“I personally grew up in a rural area and I’m deeply grateful for the work you do,” she told the Board. “I wish I’d had a school like this growing up.”

Carlson added, “One of the things the trekkers shared was how fortunate our students are. That’s one of the things we struggle with every day is to convince kids, ‘This is what you have in front of you.’”

Some changes in orientation this year

The beginning-of-the-year orientation will have some additions this year, Carlson told the board, including employee longevity recognitions and celebrations on opening day.

This year’s orientation schedule will also include times for people to meet with presidents and stewards of unions to go over contracts, he said.

Carlson also told the board about a recent standardized threat assessment training he and a group attended in Great Falls.

He said today that the workshop, which taught them about documentation, better prepares the school for incidents such as a bomb threat or a student threatening to “do something.”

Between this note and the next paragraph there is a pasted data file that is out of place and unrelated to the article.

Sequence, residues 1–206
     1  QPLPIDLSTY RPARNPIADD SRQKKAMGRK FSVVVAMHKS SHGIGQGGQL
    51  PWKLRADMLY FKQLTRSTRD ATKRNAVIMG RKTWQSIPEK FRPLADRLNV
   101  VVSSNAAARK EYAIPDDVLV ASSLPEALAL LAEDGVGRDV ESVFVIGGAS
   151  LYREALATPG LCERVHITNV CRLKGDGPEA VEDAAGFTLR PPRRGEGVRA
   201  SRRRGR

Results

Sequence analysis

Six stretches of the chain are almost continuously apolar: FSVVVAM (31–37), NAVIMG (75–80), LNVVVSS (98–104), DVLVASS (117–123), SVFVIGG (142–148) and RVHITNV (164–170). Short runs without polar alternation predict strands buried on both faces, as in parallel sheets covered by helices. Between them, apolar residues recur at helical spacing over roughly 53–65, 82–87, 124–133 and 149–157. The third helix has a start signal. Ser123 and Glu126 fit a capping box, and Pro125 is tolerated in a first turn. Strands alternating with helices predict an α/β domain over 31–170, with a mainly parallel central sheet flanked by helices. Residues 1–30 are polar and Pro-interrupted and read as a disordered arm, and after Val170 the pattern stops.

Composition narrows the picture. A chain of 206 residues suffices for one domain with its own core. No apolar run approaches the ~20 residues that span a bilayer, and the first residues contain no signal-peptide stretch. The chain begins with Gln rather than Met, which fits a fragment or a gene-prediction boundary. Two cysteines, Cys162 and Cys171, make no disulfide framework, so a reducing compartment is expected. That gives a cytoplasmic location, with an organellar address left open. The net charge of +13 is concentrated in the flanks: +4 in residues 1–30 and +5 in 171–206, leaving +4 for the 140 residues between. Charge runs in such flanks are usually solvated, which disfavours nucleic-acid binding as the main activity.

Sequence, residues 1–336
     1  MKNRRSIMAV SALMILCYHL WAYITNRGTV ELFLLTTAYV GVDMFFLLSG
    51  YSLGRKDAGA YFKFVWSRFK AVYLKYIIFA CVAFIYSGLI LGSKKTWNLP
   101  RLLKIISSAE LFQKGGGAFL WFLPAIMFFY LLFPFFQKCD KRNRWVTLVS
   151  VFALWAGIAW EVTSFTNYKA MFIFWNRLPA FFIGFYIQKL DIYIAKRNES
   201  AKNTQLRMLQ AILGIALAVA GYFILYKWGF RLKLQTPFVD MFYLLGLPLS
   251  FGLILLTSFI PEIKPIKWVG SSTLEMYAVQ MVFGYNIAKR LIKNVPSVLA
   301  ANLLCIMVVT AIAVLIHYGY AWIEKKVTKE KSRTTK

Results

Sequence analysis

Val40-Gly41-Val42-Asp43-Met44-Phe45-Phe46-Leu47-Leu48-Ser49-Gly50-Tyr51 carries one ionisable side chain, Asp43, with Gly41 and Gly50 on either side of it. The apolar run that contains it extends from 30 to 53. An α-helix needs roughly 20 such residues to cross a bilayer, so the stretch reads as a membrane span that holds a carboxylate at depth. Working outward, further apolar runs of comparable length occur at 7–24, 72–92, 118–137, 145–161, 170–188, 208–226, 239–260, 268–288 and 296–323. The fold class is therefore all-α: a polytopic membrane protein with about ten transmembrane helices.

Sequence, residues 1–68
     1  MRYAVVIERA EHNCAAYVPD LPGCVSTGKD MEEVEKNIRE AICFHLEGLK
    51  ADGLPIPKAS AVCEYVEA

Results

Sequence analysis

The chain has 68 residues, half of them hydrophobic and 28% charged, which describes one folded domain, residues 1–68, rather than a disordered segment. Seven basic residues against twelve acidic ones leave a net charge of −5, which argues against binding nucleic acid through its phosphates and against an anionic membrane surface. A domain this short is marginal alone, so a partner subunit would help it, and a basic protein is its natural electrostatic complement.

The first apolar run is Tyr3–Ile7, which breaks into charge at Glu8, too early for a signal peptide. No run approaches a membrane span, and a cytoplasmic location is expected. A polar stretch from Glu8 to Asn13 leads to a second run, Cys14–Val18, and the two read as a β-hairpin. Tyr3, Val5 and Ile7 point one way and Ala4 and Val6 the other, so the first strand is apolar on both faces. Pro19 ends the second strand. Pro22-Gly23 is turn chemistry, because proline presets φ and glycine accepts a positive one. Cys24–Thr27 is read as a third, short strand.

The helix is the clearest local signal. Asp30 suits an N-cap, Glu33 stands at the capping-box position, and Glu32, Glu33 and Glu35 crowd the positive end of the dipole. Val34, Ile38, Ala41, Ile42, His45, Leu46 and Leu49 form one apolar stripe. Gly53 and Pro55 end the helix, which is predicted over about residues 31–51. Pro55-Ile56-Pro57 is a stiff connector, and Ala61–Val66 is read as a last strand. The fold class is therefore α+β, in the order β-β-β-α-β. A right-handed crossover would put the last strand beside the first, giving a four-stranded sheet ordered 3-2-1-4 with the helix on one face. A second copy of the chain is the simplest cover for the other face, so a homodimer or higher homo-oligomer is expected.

“I’m really pleased with our standardized protocols,” Carlson said to the board.

“We are implementing strategies (from the training),” Carlson added. “We’re pretty good at what to do during the incident, but not as much with making the report, so this really tied everything together.”

He said today that he thought the documentation would greatly add to the school’s standardized threat protocols.

Carlson told the board he was pleased with the staff training, ongoing from Aug. 10 - 23.

“We’ve had multiple days where awesome things are happening on the same day,” Carlson said. “I’ve been so impressed.”

“Our professional development committee, they’ve done a really nice job of putting together high quality training,” he said today.

The technology trekkers would be going to public schools with “Makers” technology today, Carlson said.

School sports scrimmages starting

Murphy also told the board about upcoming blue and white sports scrimmages.

“To me it means — school year’s started,” Carlson said this morning.

Saturday’s volleyball match will be at 2 p.m. followed by football at 5:30 p.m., Murphy told the board.

Friday, Aug. 24, is the season’s first football game, he said.

Havre football has a home game against Hardin, and hosts the Eastern A volleyball tipoff tournament Friday and Saturday, Aug. 24-25.

“It will be a really busy weekend, sportswise,” Murphy added.